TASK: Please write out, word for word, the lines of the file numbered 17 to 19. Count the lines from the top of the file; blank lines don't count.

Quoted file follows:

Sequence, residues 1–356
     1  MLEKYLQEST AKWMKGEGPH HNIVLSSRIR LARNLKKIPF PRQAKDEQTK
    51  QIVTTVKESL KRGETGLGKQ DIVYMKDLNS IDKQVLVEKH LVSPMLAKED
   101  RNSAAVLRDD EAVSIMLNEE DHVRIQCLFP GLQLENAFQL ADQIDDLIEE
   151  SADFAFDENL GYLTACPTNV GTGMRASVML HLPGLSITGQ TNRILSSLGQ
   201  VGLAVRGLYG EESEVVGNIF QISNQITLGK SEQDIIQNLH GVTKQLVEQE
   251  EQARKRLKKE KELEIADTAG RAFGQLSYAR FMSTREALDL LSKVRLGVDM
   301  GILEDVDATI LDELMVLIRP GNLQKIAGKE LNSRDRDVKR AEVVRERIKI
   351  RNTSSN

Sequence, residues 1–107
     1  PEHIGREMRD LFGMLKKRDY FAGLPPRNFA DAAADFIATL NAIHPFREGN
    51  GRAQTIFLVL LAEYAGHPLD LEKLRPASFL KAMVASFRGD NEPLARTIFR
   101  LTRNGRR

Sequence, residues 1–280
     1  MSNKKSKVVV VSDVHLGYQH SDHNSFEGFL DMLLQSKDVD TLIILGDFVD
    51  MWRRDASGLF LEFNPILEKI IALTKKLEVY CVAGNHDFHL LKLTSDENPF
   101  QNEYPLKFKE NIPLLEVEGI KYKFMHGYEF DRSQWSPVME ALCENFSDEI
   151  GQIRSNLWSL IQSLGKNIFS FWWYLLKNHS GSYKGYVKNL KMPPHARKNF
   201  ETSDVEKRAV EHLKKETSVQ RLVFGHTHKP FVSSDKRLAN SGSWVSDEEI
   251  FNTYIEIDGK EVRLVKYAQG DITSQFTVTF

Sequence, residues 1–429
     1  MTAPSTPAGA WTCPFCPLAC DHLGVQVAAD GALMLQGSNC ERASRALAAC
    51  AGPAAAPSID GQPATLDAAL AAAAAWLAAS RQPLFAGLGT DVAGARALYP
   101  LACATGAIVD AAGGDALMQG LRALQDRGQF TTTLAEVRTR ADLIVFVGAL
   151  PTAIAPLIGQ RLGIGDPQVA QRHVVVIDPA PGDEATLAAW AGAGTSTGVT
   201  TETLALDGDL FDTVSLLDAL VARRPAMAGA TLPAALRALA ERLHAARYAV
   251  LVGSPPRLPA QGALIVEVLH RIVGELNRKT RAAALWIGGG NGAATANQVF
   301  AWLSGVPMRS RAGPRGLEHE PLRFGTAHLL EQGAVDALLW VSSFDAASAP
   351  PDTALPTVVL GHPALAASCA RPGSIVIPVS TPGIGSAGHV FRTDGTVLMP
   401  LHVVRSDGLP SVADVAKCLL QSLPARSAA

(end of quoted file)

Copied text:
   101  QNEYPLKFKE NIPLLEVEGI KYKFMHGYEF DRSQWSPVME ALCENFSDEI
   151  GQIRSNLWSL IQSLGKNIFS FWWYLLKNHS GSYKGYVKNL KMPPHARKNF
   201  ETSDVEKRAV EHLKKETSVQ RLVFGHTHKP FVSSDKRLAN SGSWVSDEEI